DEVELOPERS who fought a protracted legal battle with the Government to build 180 houses on the edge of Malmesbury say they are selling the site because of the delay.

“If the consent had not been messed about with by the Secretary of State a year ago we would have been on site,” said Scott Chamberlin, managing director of Gleeson Strategic Land.

He told the Standard the company was selling the land at Filands jointly with the owners and was looking to form a partnership with another firm to build the houses.

“The delay in the permission meant that, from our point of view it does not currently sit in our building programme for Malmesbury so it makes sense to sell.”

But he added: “We still have a significant interest in the rest of the land.”

“Like most housebuilders we have a finite amount of resources that we can put into it at any one stage,” he explained. “We have to look at whether we have the right management team available at that time.”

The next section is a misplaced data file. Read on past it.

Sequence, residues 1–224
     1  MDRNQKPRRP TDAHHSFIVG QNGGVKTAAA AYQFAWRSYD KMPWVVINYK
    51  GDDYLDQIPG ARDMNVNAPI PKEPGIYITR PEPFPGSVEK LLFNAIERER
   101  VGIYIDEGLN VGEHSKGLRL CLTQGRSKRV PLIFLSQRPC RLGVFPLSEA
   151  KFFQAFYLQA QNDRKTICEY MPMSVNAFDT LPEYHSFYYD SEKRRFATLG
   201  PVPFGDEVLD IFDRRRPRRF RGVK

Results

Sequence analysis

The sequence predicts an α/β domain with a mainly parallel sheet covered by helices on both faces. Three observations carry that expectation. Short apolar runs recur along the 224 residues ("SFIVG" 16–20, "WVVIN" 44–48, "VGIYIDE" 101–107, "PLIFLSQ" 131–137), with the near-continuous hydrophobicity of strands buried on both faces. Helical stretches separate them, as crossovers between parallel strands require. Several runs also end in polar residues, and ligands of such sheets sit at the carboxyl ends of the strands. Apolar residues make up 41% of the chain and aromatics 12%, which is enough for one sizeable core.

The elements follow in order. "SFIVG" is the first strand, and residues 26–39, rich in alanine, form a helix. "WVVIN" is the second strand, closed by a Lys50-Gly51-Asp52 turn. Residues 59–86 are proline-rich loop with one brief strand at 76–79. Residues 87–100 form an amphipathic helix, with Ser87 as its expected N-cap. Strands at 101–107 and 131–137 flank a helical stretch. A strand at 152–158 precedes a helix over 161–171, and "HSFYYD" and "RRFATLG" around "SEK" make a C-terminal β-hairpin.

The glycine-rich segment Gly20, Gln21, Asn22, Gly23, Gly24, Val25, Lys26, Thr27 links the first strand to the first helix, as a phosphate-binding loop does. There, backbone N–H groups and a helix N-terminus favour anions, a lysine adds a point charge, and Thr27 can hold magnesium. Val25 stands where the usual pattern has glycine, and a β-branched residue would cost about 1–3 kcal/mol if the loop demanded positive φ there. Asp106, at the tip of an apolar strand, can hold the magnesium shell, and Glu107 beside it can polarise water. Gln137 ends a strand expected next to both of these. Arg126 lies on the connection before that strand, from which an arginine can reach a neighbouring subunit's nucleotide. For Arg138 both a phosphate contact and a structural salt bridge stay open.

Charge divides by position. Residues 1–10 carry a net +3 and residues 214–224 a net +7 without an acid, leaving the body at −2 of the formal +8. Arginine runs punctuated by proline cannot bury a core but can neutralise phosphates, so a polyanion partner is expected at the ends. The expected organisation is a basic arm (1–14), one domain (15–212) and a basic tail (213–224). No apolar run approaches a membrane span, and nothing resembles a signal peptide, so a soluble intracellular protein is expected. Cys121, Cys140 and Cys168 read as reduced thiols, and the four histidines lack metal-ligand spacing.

The contracting and project management teams they wanted to use on the development were no longer available because they were working on developments elsewhere.

Working with another developer would enable the homes to be built to the standard that we would expect if we were building them.”

Three weeks ago the Government announced it would not challenge an Appeal Court ruling that meant Gleeson could go ahead with the development. It was the end of a year-long legal battle between Government and Gleeson.

The judgement overturned an earlier ruling that Secretary of State Eric Pickles could call in the application even though a planning inspector had already granted permission.

A communications breakdown meant the inspector did not see a Department for Communities and Local Government instruction to refer the appeal to the planning minister for the final decision.